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Cross-Stitch Family Portrait




How do you capture your clan in a more meaningful way? Try something pre-photography: Cross-stitch figures for each family member. This is far simpler than it might sound -- if you can sew on a button, you can cross-stitch. (The ability to count to 20 or so doesn’t hurt, either -- so yes, a dexterous grade-schooler could handle this.) Use graph paper to plan your people from head to toe -- or cowlick to sandal. Then thread your needle and start X-ing people off your list. And for iPhone addicts scared off by something so nontech, just remember: There’s very little difference between a cross-stitch and a pixel.

Use these clip art patterns as exact templates or as starting points for making figures that more closely resemble the people in your life. You can personalize patterns by mixing and matching elements from the templates here: Swap in a different outfit or hairdo, change hair or eye color, and incorporate different details. The scale is different for kids and adults, so if you do mix elements, make sure you’re comparing adults to adults and children to children. (Remember that the scale and grid encourage simplicity and adaptation.)

Sew Cute
Plot out your design on graph paper: One square represents one cross-stitch. Use our examples as a start, and then improvise. (The drawn patterns themselves are pretty adorable, too -- even worth displaying on their own.)

Face facts
We found that it works well to make adults' heads 10 stitches across and kids' heads nine stitches across. Babies' are even smaller -- just three stitches across. Note, too, that eye spacing and mouth size can vary with age.

Do the 'Dos
In cross-stitch, as in life, hairdos tend to capture the essence of a person. Play around until you perfect your daughter's pigtails or your dad's bushy beard.

Accessorize Extra details give a lot of personality. An umbrella, a kite, headphones -- all can be rendered in stitches. Of course, pets are the ultimate accessory.

If you're new to cross-stitch, get a lower-count Aida cloth, such as eight (which has eight squares per linear inch). It allows for bigger stitches and makes for larger figures. A higher count, such as 14, requires smaller stitches. Embroidery floss is several smaller strands twisted together: Thread your needle with four of these strands for eight-count cloth and two for 14-count (for backstitching, use two strands for eight count, one for 14 count)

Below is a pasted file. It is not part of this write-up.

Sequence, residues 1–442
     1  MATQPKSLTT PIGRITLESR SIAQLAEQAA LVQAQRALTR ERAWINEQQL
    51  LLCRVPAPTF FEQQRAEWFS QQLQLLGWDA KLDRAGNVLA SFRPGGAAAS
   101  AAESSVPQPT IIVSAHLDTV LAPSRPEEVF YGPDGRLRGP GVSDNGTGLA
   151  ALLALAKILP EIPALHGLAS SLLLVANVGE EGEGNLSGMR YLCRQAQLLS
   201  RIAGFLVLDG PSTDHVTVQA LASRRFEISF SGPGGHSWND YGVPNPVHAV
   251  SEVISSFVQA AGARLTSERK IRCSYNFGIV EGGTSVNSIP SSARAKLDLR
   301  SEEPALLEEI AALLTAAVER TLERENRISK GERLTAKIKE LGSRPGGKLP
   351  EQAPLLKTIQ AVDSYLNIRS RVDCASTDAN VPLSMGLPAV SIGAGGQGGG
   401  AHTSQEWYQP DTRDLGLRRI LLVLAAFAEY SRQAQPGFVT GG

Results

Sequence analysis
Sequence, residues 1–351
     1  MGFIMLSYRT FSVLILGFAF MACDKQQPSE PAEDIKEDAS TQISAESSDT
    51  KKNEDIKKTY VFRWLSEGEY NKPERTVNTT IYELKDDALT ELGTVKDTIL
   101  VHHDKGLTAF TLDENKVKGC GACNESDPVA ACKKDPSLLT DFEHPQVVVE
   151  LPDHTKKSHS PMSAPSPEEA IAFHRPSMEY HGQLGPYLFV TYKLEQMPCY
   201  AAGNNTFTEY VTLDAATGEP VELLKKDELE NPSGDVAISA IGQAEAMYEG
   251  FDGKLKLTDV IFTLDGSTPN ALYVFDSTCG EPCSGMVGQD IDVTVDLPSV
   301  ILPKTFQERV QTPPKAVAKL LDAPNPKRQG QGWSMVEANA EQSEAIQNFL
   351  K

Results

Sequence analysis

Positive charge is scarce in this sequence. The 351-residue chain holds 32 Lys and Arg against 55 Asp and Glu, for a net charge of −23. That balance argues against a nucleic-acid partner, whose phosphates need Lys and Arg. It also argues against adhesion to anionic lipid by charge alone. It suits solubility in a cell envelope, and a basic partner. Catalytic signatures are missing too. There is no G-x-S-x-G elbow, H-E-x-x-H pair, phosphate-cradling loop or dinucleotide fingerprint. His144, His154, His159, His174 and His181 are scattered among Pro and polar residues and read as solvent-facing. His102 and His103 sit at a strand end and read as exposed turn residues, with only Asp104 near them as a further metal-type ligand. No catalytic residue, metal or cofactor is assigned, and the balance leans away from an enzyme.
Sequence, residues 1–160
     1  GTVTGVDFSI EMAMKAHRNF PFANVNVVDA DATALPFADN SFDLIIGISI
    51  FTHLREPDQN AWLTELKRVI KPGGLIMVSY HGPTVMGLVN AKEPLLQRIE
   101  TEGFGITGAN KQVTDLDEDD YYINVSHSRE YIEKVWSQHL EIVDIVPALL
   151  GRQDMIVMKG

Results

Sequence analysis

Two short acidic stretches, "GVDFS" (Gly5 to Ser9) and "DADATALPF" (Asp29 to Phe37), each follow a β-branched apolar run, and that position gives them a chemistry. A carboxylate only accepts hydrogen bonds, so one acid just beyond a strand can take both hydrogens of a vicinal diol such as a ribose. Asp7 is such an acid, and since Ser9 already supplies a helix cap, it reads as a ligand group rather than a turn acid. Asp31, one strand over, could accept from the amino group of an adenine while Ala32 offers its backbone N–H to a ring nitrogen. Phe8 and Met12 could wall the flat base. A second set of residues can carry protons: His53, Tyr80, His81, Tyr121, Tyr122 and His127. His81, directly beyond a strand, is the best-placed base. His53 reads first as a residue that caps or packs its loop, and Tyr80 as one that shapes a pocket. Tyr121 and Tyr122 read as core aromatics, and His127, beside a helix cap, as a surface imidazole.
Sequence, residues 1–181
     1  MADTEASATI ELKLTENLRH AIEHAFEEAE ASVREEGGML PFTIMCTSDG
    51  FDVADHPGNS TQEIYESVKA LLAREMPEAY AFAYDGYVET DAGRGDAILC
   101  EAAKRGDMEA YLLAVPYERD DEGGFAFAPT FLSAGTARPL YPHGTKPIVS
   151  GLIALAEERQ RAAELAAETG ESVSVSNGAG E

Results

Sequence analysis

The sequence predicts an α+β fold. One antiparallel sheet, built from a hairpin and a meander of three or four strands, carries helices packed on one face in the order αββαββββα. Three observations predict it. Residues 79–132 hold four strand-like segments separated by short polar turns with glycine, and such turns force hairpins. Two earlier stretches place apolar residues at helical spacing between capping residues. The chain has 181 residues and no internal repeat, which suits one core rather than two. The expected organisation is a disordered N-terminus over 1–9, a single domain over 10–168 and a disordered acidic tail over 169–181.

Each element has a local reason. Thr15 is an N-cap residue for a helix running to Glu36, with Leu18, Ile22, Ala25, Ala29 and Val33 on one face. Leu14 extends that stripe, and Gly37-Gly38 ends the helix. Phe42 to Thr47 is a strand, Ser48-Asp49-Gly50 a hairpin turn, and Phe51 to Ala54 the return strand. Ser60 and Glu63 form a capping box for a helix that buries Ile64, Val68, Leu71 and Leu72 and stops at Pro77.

Learn How to Cross-Stitch




Reviews (9)

  • rebelkittyloverv20 4 Nov, 2014

    This is a beautiful post! I really admire it, I have always had a major creative side when it comes out to trying new things! I came a cross this and just found it super amazing! I honestly have a little bit of a problem on making them look like certain people in my family, for example, my boy friend has a mohawk that isn't ever up and he has "chops." I make "myself" but the only problem I have is getting my glasses. I have cat eye shaped ones!! Any suggestions how I can make this work?

  • Brittany Wiebe 18 Jun, 2014

    Thank you so much!!! I have drawn out 5 portraits including my own little family of 4! I have received many compliments and I cannot wait to make more for my friends and external family! I love to cross stitch but this is way too fun!!!
    I plan on buying the "crafts for kids" book so I can have a paper copy!!!
    A million times thank you!!!

  • jacsmama 2 Feb, 2014

    I've been doodling little cross-stitch people before ETSY was ever born & they look a lot like these people. Seeing these again just made me pick up cross-stitching again. As well, it started my daughter doing it again too, after picking up the KID'S CRAFTS book. I don't see where there is any ripping off!

  • SarahTSwanner 29 Oct, 2011

    I love this! I'm making these as Christmas presents for my friends this year. One of my friends is pregnant--any ideas on how to stitch a pregnant woman? All my sketches look really funny and not very pregnant-like. Thanks for any help!

  • Sinnamon 28 Oct, 2011

    I've been doing this for over 40 years, do I feel ripped off no!! Try for the graph paper.

  • Embellished 20 Oct, 2011

    By chance does anyone know what the name of the notebook used is? I have been DYING to find a squared notebook with a margin! Thanks for anyone's help in advance!

  • marie_antoinette013 19 Oct, 2011

    gableknits is right...the first thing I thought when I saw this in the magazine was of Weelittlestitch's work on Etsy...its a shame that they at least didn't credit her for the inspiration. Ripping off other's work shows a glaring lack of creativity on the magazine's part. :(

  • gableknits 13 Oct, 2011

    you're ripping off small business!!

  • lahop2it 4 Oct, 2011

    I love this! It's easy, fun, and unique. My only disappointment is that there are no babies represented in the templates. Even so, great templates to help me get started. Thanks!